T Nation

My Recovery Seems Really Slow


#1

I'm doing Waterbury's HIAH get ready program. I did split squats a last Monday and my legs were sore until the following Monday. Let me give you some background about me and then ask for suggestions.

I've known about T-Nation for years now. I've read a lot and trained little. I've only sustained a training program for a maximum of two months. I wrestled from 1st grade through high school. I've helped out a high school team for the last four years (getting lots of live wrestling in during the season). So I'm in shape to a degree. But I've never had a consistent weight regimen. And I've always thought my recovery sucks.

My recovery seems the worst for my lower body. I will train well below failure and be sore for days or sometimes over a week.

So two questions: Is this abnormally slow recovery? And what can I do to make it better?

This week I'm gonnna eat more food and see what that does.

I've also considered that maybe after a couple months of training I will recover better. Does that happen for newbies?


#2

How long have you been squatting (or split squatting)? The first time you do some exercises, the soreness is WAY worse and WAY longer. Also, if these are bulgarian split squats, then bear in mind that they were invented by the devil.

Eat. Sleep. Learn to foam roll. And consider working through the soreness?

I actually foam roll a lot because I am a giant wussy. And the DOMS is pretty light now.


#3

If it’s something you haven’t done in a while then yeah, you’ll be sore for a while. If it continues past the first couple of times you do it then maybe eat more.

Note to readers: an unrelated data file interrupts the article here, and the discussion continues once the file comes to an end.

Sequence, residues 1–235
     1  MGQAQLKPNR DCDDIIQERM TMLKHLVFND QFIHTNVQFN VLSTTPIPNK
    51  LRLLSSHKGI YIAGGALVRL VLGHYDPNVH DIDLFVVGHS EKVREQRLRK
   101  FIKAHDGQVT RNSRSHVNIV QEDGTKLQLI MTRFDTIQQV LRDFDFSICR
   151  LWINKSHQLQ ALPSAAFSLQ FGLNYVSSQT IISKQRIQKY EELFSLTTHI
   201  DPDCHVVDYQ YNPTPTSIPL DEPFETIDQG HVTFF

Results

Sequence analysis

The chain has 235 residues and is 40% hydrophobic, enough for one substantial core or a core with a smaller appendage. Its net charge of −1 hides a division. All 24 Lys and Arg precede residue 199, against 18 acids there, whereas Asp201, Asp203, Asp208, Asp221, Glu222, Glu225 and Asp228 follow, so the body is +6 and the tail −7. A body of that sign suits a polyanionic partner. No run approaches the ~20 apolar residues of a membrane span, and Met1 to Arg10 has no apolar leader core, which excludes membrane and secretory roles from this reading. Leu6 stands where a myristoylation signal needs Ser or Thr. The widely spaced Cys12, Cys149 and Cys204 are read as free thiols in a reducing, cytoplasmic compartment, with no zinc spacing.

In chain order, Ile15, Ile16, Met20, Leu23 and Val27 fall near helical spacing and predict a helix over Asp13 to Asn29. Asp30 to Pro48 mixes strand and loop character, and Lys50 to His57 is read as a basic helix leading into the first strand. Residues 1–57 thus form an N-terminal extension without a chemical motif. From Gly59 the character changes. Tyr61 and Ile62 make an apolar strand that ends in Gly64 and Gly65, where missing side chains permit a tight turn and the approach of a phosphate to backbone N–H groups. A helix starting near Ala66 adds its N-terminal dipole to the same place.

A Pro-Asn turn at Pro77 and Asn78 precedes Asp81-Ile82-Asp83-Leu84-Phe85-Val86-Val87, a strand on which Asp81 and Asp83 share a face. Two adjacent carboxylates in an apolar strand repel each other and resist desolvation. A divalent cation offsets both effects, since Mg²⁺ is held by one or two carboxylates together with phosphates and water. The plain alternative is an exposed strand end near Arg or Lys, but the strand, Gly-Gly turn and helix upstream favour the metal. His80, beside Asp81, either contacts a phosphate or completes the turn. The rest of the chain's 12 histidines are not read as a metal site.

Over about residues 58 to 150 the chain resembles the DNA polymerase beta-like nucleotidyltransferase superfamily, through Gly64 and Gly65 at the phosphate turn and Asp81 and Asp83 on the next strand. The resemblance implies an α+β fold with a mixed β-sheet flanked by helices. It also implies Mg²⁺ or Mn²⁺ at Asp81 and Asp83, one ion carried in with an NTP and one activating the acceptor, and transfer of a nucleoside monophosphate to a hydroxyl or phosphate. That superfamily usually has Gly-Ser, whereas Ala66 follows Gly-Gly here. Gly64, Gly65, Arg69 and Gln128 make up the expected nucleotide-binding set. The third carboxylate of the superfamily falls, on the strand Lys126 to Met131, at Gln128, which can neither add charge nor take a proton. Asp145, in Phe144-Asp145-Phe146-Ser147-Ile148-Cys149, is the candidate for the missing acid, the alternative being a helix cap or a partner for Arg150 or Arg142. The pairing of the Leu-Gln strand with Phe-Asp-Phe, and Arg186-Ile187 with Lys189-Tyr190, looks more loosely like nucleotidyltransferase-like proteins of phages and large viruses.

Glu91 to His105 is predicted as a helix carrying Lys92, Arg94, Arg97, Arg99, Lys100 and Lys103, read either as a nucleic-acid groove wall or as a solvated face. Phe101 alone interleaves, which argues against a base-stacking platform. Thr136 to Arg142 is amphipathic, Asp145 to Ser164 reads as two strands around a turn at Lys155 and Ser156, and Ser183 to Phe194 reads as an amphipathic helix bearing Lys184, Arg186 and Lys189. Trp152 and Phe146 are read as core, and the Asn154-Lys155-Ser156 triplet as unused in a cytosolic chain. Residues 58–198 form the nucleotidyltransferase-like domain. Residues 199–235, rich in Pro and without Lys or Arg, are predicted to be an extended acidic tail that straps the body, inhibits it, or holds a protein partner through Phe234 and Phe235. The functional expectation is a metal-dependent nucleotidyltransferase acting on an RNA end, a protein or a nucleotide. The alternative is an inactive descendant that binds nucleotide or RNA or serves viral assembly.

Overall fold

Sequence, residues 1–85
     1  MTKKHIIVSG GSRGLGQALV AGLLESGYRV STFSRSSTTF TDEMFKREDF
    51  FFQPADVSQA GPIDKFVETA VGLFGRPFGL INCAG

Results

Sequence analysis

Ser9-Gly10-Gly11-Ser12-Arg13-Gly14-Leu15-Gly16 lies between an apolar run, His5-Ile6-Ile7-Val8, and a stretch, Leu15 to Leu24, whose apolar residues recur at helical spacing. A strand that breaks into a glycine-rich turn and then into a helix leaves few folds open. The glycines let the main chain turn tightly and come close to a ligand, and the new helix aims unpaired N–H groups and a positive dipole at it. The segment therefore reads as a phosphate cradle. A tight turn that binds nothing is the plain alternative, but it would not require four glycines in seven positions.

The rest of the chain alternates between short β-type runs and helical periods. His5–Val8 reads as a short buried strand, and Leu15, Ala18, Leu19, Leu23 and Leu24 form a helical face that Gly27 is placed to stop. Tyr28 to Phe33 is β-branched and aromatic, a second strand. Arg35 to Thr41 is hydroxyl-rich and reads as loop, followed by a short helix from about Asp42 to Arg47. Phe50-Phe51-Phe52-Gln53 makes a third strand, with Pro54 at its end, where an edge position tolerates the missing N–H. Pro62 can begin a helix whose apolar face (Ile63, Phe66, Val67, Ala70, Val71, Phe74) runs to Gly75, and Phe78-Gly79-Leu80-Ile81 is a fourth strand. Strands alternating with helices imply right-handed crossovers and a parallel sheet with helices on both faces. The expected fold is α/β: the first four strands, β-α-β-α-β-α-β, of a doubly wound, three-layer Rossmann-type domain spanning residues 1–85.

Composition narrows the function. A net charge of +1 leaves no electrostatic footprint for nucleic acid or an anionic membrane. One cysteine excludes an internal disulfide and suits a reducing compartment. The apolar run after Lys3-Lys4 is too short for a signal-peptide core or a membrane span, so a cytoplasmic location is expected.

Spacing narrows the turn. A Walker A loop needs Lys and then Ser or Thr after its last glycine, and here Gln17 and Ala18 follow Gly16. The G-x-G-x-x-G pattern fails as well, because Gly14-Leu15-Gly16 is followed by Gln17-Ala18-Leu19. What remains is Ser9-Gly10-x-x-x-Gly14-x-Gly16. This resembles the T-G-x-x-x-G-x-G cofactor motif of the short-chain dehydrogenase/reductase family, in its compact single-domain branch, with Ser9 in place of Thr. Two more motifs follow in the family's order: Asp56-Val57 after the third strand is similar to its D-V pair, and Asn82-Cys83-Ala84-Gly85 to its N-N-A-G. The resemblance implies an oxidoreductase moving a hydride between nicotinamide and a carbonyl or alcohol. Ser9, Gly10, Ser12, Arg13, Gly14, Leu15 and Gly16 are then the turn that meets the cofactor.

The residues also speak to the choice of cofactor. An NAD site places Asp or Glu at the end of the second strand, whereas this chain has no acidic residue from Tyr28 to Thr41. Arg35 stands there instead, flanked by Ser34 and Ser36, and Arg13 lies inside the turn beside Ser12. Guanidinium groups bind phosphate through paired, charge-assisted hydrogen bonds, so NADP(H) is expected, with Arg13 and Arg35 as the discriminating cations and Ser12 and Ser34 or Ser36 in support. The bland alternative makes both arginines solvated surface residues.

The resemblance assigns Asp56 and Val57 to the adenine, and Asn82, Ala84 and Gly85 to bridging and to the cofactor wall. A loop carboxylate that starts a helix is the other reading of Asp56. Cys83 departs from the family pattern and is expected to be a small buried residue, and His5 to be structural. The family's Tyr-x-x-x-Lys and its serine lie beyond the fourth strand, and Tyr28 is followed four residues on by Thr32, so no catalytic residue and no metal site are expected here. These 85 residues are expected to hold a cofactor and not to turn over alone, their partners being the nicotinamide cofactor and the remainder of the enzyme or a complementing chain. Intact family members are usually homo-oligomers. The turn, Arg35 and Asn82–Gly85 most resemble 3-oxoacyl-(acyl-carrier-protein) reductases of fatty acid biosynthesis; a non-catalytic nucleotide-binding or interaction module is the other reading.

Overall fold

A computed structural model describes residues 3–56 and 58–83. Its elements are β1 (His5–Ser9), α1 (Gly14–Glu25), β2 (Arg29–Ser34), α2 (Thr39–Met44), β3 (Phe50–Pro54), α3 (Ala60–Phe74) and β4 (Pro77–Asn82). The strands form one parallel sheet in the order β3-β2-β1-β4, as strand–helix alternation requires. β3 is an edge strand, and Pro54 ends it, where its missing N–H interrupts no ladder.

#4

[quote]mikeavida wrote:
what can I do to make it better?

This week I’m gonnna eat more food and see what that does. [/quote]

That was going to be my first suggestion. Do some sort of lower body activity, as well. Just get blood moving through your legs, nothing major.

Yes

One more thing to consider: Most of the people I see that quit going to the gym after just a few weeks tried to jump into a program with both feet. Start off slow and work your way up. The key is to challenge yourself, not kill yourself.


#5

You need to not concern yourself with soreness as supposedly being an indicator that a muscle is not ready to be trained again. It does not mean that.

Additionally, frequent training more typically results in less soreness, at least one adapted to it, than less frequent.

And yes, as you get back into it you will have much less problems.

As JayPierce mentioned, also when basically not having been weight training at all, or to a degree far below anything serious and consistent, one shouldn’t assume being able to jump into a program that is designed for people who have been training. Maybe cut it in half for the first few weeks and build up from there.


#6

Your poor recovery could be due to many different reasons.

Are you consuming AT LEAST 1 gram of protein per pound of bodyweight per day?

Is your postworkout nutrition adequate?

Are you consuming between 500-1000 calories above maintenance level per day?

Are the number of sets/reps you do within your capacity to recover? Maybe you have low work capacity and you need to lower the volume (ectos need low volume for example).

Are you getting between 7-9 hours of QUALITY SLEEP each night?

Life stressors could be causing the stress hormone cortisol to work overtime, putting a serious damper on your recovery.

The list goes on…


#7

Thanks everybody!

Things I’m going to change this week:

-Include warm up sets and stretching after. I had shoulder pain the last week and think warming up should help with the pain. And hopefully stretching helps with DOMS.

-Eat more food.

-Reduce work level for now.

I’m happy to hear from you guys that this should be a temporary thing. And knowing that I shouldn’t just be able to jump into training all out, makes me more comfortable temporarily lowering the work level.


#8

Also try ZMA.

It helps to speed up recovery and improve the quality of sleep.

And check out CT’s article ‘7 Secrets to Rapid Recovery’: